Rankings of college teaching programs irk some

Jul 15, 2013 by

Prospective students can easily find guides that rank medical, law and engineering schools.

But aspiring teachers or principals who want such assistance on colleges and universities with good programs are out of luck.

“I definitely would have looked at a guide if there had been one,” said Arizona State University elementary-special-education major Elizabeth Clemons, who primarily relied on word-of-mouth recommendations when she enrolled in ASU’s Mary Lou Fulton Teachers College.

Her classmate, Rae Crozier, did the same.

“Older friends of mine who were already in college highly recommended it,” she said.

While the Arizona State Board of Education evaluates and certifies colleges of education, it does not collect or publish data about the schools for prospective students.

A newly published guide, the National Council on Teacher Quality’s Teacher Prep Ratings, has been a disappointment to those who thought it would help the public understand how the nation’s teachers colleges stack up.

“All universities are under scrutiny now,” said Mari Koerner, dean of ASU’s teachers college. “People are investing their money and want to know what the outcomes are. It’s a legitimate question to ask whether colleges of education are preparing people to become good teachers. But this report is not a solid evaluation.”

The guide was published in June as part of U.S. News and World Report’s more comprehensive online colleges guide.

Koerner admits her criticism is ironic. The report gives both her college and the University of Arizona’s program three out of four stars and places them on its “honor roll.”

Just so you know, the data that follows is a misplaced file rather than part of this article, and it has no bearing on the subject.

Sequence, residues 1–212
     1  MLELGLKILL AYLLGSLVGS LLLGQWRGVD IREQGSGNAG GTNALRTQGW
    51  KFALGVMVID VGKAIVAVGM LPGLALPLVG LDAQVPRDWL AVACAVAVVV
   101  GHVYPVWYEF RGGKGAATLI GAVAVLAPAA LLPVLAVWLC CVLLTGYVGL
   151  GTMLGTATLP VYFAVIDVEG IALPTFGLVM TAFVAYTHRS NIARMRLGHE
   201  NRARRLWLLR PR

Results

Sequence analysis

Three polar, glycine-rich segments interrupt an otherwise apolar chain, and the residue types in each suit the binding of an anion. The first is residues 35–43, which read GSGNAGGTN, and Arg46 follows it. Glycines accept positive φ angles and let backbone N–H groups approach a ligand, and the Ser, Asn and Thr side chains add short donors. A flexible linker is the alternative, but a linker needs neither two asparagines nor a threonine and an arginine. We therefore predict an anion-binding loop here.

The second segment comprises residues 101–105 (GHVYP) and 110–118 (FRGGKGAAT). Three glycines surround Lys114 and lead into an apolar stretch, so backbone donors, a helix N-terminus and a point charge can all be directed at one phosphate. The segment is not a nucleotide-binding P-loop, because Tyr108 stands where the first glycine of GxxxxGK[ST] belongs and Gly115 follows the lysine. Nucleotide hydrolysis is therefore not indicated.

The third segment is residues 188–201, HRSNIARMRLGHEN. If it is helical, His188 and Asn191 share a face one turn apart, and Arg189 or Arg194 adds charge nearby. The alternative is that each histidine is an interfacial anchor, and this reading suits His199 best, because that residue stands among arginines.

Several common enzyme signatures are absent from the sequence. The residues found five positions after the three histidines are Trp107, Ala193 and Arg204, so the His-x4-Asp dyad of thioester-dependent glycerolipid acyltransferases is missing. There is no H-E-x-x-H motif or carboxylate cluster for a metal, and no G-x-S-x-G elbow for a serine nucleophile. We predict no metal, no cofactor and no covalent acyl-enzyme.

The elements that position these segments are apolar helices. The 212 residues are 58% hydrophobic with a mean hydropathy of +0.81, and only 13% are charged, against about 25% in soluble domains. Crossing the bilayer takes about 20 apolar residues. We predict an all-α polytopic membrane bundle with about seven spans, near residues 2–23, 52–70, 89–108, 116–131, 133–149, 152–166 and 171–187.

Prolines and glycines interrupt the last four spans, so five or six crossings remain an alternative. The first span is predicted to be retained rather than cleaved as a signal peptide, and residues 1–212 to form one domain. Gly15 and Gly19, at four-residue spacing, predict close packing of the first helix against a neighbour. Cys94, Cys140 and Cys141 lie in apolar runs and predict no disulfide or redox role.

The report in particular praises iTeachAZ, ASU’s popular yearlong student-teaching program.

But Koerner says other parts of the guide were compiled using information that was out of date. That led to inaccurate conclusions, she said.

For instance, ASU was criticized for not requiring teachers to incorporate the Arizona Common Core Standards in lesson plans. That conclusion was based on course catalogs and program descriptions from 2010 — months before Common Core was adopted in Arizona.

Unlike most other college guides, it does not give numerical rankings to the 1,200 teacher-prep programs it evaluated.

It also does not provide narrative description of the schools because it did not send evaluators to any of the colleges.

Koerner believes the report might have been more successful if it had completed more comprehensive evaluations on what it considers the top 100 education colleges in the nation instead of providing a small amount of information about more than 1,000.

The deans of the education colleges at Northern Arizona and Grand Canyon universities echoed Koerner’s views. Both schools received low marks from the National Council on Teacher Quality, including criticisms that the evaluations their student teachers receive are weak.

“I believe the report is inaccurate,” said NAU’s Michael Roy Sampson. “Having worked in four states, I have reviewed NCTQ ratings of some programs I know very well, and NCTQ misses the mark on the quality of the programs. Additionally, their evaluation of the NAU teacher-preparation programs is flawed, with numerous inaccuracies, including the rating of student teaching.”

Kimberly LaPrade, dean of Grand Canyon University’s College of Education, said she was “dismayed” by the report. “The methodology of their work has some great flaws,” she said.

Karen Butterfield, Arizona Department of Education associate superintendent of academic achievement, would like the state to provide more information for prospective Arizona education majors.

“We are at a critical crossroads with this,” she said.

She said board researchers, for instance, evaluate student-teaching programs, the quality of faculty, and the goal and vision of teacher colleges before they are certified.

But that information is not easily accessed by the the public, she said.

The state would have to allocate funding to make the information available in brochures or on a website, she said.

via Rankings of college teaching programs irk some.

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